Surprisingly, this was a remarkably simple meal. Prep everything in the steamer basket, put over the water, cover, wait for a while, eat. I put the chicken breasts on top of sliced pieces of lemon (a trick I learned from the Rouxbe lesson on steaming) and then did the shorter broccoli after the chicken was done. I lost quite a bit of steam as it was going, but the steamer basket sits very high above the water, so I could put a lot in and not worry about it all boiling off.

I was worried about the timing for this, but in the end it all worked out. I turned on the burner for the pasta water the same time the chicken started steaming. It boiled around the time the chicken was done (remember how I needed the lid for the steamer?) and the pasta was done right around the same time as the broccoli. I was able to do the broccoli prep while the chicken was steaming and the plating while the broccoli was steaming. Yay for timing!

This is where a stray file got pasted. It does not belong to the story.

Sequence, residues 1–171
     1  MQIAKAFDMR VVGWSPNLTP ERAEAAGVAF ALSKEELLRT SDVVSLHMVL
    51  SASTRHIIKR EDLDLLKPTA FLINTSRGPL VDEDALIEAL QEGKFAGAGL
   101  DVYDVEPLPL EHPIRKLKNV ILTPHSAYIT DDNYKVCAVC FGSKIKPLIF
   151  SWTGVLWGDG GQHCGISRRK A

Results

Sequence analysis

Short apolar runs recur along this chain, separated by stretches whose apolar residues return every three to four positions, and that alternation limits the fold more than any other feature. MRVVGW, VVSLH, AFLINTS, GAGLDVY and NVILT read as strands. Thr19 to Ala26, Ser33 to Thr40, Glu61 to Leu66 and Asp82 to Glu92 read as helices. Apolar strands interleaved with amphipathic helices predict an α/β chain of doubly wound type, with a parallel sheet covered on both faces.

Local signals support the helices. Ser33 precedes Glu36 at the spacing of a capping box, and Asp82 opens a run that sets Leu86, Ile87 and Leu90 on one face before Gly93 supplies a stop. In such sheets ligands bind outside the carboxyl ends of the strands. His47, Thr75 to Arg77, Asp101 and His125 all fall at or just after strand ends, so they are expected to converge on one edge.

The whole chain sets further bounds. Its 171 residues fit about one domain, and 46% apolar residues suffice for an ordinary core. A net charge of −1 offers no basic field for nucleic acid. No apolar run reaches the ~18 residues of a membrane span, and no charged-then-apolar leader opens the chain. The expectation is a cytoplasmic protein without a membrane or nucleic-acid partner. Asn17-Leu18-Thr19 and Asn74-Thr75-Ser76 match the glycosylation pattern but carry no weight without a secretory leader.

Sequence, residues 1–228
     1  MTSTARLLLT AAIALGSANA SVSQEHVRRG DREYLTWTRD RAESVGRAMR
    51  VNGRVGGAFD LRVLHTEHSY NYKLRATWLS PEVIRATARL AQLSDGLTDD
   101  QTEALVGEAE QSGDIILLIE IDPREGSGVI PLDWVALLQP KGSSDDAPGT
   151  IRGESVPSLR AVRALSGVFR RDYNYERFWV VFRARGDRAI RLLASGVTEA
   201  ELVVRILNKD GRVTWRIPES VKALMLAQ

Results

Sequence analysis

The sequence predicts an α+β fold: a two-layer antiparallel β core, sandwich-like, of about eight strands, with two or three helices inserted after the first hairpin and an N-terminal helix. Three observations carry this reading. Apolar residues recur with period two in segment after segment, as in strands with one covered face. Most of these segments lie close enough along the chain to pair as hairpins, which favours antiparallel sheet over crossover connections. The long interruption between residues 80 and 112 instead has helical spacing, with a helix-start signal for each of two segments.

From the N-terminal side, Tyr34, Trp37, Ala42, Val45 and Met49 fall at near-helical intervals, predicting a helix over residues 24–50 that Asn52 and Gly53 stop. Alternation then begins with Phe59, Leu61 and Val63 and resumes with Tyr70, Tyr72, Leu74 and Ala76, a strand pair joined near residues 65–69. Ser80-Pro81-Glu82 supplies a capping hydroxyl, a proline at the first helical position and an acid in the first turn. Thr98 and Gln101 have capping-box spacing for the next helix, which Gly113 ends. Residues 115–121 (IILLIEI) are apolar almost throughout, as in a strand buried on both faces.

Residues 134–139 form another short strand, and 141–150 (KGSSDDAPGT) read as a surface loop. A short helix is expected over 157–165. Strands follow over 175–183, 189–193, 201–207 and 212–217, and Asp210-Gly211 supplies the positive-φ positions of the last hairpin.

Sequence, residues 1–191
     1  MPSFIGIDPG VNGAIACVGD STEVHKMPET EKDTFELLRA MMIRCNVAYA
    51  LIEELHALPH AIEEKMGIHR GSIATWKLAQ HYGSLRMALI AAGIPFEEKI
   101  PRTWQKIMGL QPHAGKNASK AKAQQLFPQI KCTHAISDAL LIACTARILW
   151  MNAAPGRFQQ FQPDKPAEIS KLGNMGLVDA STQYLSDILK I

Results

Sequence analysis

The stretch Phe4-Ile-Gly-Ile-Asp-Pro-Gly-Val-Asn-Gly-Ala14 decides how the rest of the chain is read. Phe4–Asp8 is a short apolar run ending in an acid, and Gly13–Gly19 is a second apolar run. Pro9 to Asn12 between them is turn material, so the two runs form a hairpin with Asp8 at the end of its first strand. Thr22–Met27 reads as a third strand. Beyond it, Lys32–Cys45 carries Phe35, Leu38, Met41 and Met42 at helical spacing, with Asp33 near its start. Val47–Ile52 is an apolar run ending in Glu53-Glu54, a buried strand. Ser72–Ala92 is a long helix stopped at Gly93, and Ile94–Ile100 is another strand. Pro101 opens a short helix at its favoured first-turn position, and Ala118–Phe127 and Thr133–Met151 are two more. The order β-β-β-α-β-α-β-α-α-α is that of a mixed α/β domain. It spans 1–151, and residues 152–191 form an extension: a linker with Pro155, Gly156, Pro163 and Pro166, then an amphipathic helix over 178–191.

In this end this was a very tasty meal. Marc and I both enjoyed it very much. Definitely a keeper.

Jean Talon Market feast

Mmm... farmers' markets...

Mmm… farmers’ markets…

The spoils of a successful trip to the Jean Talon Market. Supper tonight will be beer-battered cod with a side of spinach pasta in a butter-tomato-bell pepper sauce. Appetizer of baguette and awesome boar-grape pâté. Throughout: nibbling on the most delicious maple pecans I’ve ever tasted. Yup… we done good.

Taco time

Taco station, ready to go!

Taco station, ready to go!

A veritable feast tonight! Some friends came over and decided they were in the mood for tacos, we we put together a taco night with all the fixin’s: taco meat (obviously), home-made salsa, bell peppers, home-made guacamole, some left-over rice, yogurt (to use instead of sour cream). Colorful and delicious! What more can a girl ask for?